UCL is a founding partner along with the Medical Research Council, Cancer Research UK and the Wellcome Trust to establish the Francis Crick Institute, a new £650 million medical research centre to be based next to St Pancras railway station and planned to open in 2015. The Institute will be Europe’s leading centre for medical research and will undertake research using the latest technology to understand why disease develops and find new ways to prevent and treat illnesses such as cancer, heart disease and stroke, infections, and neurodegenerative diseases.
UCLPartners is one of the UK’s first internationally accredited Academic Health Science Centres (AHSC), and is a proposed Academic Health Science Network (AHSN), established to harness academia to improve population health, in London, nationally and beyond. The AHSC brings together UCL with Queen Mary University of London, Great Ormond Street, Moorfields, Royal Free, Barts Health, and University College London Hospitals NHS Trusts. As an AHSN, UCLPartners embraces Clinical Commissioning Groups; acute, community and mental healthcare providers; industry; local government; independent/third sector providers of NHS care; and international academic and clinical partners, to subserve a population footprint of six million people. By pooling resources and expertise, researchers and health practitioners will enable new discoveries in basic science to be translated into treatments more quickly; delivering proven innovation into practice at scale, both to improve patient and population health outcomes, and to generate wealth for the nation.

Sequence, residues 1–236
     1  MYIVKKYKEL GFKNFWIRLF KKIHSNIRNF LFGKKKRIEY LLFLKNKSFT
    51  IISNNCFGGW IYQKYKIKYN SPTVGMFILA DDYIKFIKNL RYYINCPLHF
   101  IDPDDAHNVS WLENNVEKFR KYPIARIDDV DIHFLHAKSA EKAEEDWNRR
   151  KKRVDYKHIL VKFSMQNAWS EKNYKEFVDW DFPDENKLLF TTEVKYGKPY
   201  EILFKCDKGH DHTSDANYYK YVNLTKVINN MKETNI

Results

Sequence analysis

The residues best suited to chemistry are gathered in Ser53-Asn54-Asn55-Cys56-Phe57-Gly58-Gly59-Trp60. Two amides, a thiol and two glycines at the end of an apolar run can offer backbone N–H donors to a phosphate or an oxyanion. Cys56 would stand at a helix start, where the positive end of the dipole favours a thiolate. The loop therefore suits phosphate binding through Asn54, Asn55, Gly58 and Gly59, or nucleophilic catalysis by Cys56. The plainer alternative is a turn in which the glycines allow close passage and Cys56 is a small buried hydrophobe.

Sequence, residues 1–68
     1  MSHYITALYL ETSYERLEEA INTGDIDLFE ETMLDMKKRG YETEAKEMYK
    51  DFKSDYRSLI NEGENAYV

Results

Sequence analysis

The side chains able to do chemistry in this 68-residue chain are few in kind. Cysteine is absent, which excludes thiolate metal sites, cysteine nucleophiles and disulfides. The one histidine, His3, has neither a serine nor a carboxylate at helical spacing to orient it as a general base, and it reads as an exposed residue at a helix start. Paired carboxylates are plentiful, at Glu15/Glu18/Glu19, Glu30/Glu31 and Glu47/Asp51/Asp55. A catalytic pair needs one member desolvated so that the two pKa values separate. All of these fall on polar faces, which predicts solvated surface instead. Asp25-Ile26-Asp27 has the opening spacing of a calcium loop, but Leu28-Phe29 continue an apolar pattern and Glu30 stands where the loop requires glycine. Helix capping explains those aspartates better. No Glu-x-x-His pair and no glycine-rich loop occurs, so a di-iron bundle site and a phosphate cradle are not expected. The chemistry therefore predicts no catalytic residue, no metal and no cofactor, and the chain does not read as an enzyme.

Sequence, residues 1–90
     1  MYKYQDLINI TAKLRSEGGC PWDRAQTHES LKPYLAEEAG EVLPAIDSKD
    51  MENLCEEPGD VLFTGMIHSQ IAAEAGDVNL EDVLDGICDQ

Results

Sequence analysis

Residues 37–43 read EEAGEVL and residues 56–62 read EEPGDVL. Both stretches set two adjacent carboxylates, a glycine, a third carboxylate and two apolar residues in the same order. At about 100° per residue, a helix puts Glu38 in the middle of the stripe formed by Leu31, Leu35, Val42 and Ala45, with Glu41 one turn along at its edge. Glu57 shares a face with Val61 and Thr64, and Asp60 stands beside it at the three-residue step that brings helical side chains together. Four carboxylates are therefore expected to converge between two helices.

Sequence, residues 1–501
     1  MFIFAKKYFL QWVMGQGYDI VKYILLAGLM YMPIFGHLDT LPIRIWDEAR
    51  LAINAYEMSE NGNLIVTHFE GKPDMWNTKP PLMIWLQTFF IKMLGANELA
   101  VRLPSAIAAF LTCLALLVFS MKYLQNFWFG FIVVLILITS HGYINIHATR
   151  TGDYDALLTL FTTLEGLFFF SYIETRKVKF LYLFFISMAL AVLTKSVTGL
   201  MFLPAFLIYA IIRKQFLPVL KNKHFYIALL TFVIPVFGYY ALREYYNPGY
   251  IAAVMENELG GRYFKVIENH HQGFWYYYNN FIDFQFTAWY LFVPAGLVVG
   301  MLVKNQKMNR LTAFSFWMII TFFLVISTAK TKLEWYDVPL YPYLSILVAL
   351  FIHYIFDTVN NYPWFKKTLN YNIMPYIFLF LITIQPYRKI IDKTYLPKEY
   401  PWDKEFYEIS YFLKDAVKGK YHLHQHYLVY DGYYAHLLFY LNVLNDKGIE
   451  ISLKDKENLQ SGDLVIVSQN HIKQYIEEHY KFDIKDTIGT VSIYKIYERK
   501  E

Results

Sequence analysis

UCL is academic partner in three of the 11 Biomedical Research Centres of the National Institute for Health Research - the UCL Hospitals Biomedical Research Centre, the Moorfields Eye Hospital/UCL Institute of Ophthalmology NIHR Biomedical Research Centre and the Great Ormond Street Hospital/UCL Institute of Child Health Biomedical Research Centre. The Centres are leaders in scientific translation of fundamental biomedical research into clinical research that benefits patients.
The NIHR Biomedical Research Units (BRUs) undertake translational clinical research in priority areas of high disease burden and clinical need – UCL hosts a UCLH/UCL Biomedical Research Unit in Dementia, and works closely with the Barts and The London NIHR Cardiovascular Biomedical Research Unit under the UCL Partners umbrella.
CASMI is the Centre for the Advancement of Sustainable Medical Innovation, a partnership between UCL and the University of Oxford, created to develop new models for medical innovation. The centre aims to address the issues that have led to current failures in the translation of basic bioscience into affordable and widely adopted new treatments.
The collaborative was established between UCL, UCL Partners, Yale University, Yale School of Medicine and Yale – New Haven Hospital. The scale of the collaboration is the largest in the history of both universities with the goal of accelerating the research process to gain measurable advances for society. In biomedical research this means a more rapid conversion of basic science into translational research into therapeutic benefits.
UCL is a founder member of the GMEC which brings together key players in biomedical research and patient care in five UK major centres (UCL, IC, KCL, Oxford and Cambridge) to strengthen the UK research landscape and to take on challenging problems in healthcare and drug discovery.
The Sainsbury Wellcome Centre is a partnership between the Gatsby Charitable Foundation and the Wellcome Trust to establish a new Research Centre in Neural Circuits and Behaviour. The location of the Centre within UCL brings many benefits due to the strength of UCL's neuroscience research community and its relationships with other medical research organisations in the local area. UCL and the funders already work together with great success - the Gatsby Computational Neuroscience Unit and the Wellcome Trust Centre for Neuroimaging at UCL are both world leaders in their fields.